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Business Groups in Emerging Markets: Financial Control and Sequential Investments

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  • Christa Hainz

Abstract

Business groups in emerging markets perform better than unaffiliated firms. One explanation is that business groups perform some functions of missing institutions, for example, enforcing contracts. We investigate this by setting up a model where firms within the business group are connected to each other by a vertical production structure and an internal capital market. Thus, the business group's organizational mode and financial structure allow a self-enforcing contract to be designed. Our model of a business group shows that only sequential investments can solve the ex post moral-hazard problem. We also find that firms may prefer not to integrate.

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Bibliographic Info

Article provided by Mohr Siebeck, Tübingen in its journal Journal of Institutional and Theoretical Economics.

Volume (Year): 163 (2007)
Issue (Month): 2 (June)
Pages: 336-355

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Handle: RePEc:mhr:jinste:urn:sici:0932-4569(200706)163:2_336:bgiemf_2.0.tx_2-m

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  1. Khanna, Tarun & Yafeh, Yishay, 2005. "Business Groups in Emerging Markets: Paragons or Parasites?," CEPR Discussion Papers 5208, C.E.P.R. Discussion Papers.
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  3. Simon Johnson & John McMillan & Christopher Woodruff, 2001. "Courts and Relational Contracts," NBER Working Papers 8572, National Bureau of Economic Research, Inc.
  4. Raja Kali, 2002. "Contractual governance, business groups and transition," The Economics of Transition, The European Bank for Reconstruction and Development, vol. 10(2), pages 255-272, July.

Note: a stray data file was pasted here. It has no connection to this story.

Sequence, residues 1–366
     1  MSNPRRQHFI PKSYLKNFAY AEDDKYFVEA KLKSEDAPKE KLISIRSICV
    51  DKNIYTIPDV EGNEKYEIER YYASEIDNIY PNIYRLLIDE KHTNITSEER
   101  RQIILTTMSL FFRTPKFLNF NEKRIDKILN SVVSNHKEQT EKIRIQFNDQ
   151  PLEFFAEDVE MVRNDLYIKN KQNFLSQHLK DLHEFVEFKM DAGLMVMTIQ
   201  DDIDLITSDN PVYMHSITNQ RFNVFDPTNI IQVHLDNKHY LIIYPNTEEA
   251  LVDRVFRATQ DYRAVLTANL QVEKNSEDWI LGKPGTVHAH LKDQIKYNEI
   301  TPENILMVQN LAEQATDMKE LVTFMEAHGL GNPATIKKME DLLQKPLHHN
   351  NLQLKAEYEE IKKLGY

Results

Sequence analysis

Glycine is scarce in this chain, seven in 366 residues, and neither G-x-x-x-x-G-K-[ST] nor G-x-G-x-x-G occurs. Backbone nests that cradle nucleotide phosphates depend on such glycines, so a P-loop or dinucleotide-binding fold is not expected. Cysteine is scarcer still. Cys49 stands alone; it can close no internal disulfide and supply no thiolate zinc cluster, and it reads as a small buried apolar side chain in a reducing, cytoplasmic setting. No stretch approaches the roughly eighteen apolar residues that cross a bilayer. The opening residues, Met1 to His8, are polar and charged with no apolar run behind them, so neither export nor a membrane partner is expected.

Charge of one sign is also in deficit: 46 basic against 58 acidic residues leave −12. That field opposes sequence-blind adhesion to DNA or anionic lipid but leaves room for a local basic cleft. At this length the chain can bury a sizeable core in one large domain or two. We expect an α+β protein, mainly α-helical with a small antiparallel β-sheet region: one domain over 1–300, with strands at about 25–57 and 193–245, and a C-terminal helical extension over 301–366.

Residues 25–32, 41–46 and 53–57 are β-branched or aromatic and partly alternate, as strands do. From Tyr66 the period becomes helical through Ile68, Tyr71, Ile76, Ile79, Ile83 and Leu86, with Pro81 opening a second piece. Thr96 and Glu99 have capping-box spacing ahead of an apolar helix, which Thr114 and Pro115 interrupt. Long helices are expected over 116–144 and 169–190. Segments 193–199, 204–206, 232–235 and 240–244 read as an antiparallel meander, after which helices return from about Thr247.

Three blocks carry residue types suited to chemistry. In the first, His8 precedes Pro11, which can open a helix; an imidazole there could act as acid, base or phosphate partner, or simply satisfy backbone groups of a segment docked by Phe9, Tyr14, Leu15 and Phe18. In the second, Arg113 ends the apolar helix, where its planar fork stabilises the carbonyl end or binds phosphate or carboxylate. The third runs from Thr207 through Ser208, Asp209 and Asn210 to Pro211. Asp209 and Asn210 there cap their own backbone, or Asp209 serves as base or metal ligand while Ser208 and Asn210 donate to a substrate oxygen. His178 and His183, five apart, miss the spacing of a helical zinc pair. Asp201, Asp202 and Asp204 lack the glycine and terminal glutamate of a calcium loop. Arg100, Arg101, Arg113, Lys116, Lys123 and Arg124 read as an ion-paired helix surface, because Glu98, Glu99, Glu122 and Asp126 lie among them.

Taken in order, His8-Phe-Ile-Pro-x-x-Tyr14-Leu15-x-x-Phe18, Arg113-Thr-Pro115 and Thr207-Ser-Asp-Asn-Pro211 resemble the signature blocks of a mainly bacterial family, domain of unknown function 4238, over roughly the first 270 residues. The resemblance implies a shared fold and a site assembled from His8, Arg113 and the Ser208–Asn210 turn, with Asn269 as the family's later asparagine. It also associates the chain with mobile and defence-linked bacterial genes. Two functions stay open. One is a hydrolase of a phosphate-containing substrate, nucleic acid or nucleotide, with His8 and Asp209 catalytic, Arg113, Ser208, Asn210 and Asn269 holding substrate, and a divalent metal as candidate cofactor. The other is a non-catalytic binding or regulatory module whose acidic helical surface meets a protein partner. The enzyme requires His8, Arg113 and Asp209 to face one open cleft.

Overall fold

5. Kim, Se-Jik, 2004. "Bailout and conglomeration," Journal of Financial Economics, Elsevier, vol. 71(2), pages 315-347, February.
  6. Bolton, Patrick & Scharfstein, David S, 1990. "A Theory of Predation Based on Agency Problems in Financial Contracting," American Economic Review, American Economic Association, vol. 80(1), pages 93-106, March.
  7. Khanna, Tarun, 2000. "Business groups and social welfare in emerging markets: Existing evidence and unanswered questions," European Economic Review, Elsevier, vol. 44(4-6), pages 748-761, May.
  8. Sophie Claeys, & Gleb Lanine & Koen Schoors, 2005. "Bank Supervision Russian style: Rules versus Enforcement and Tacit Objectives," William Davidson Institute Working Papers Series wp778, William Davidson Institute at the University of Michigan.
  9. Sandro Brusco & Fausto Panunzi, 2002. "Reallocation of Corporate Resources and Managerial Incentives in Internal Capital Markets," CESifo Working Paper Series 735, CESifo Group Munich.
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  17. Tarun Khanna & Krishna Palepu, 2000. "Is Group Affiliation Profitable in Emerging Markets? An Analysis of Diversified Indian Business Groups," Journal of Finance, American Finance Association, vol. 55(2), pages 867-891, 04.
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  20. Giacinta Cestone & Chiara Fumagalli, 2005. "The Strategic Impact of Resource Flexibility in Business Groups," RAND Journal of Economics, The RAND Corporation, vol. 36(4), pages 193-214, Winter.
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Cited by:
  1. Ben J. Heijdra & Jenny Ligthart, 2006. "Fiscal Policy, Monopolistic Competition, and Finite Lives," CESifo Working Paper Series 1661, CESifo Group Munich.
  2. Domenico Scalera & Alberto Zazzaro, 2009. "Do Inter-Firm Networks Make Access to Finance Easier? Issues and Empirical Evidence," Mo.Fi.R. Working Papers 25, Money and Finance Research group (Mo.Fi.R.) - Univ. Politecnica Marche - Dept. Economic and Social Sciences.
  3. William Pyle, 2005. "Collective Action and Post-Communist Enterprise: The Economic Logic of Russia’s Business Associations," William Davidson Institute Working Papers Series wp794, William Davidson Institute at the University of Michigan.
  4. Pyle, William, 2005. "Collective action and post-communist enterprise: The economic logic of Russia’s business associations," BOFIT Discussion Papers 19/2005, Bank of Finland, Institute for Economies in Transition.

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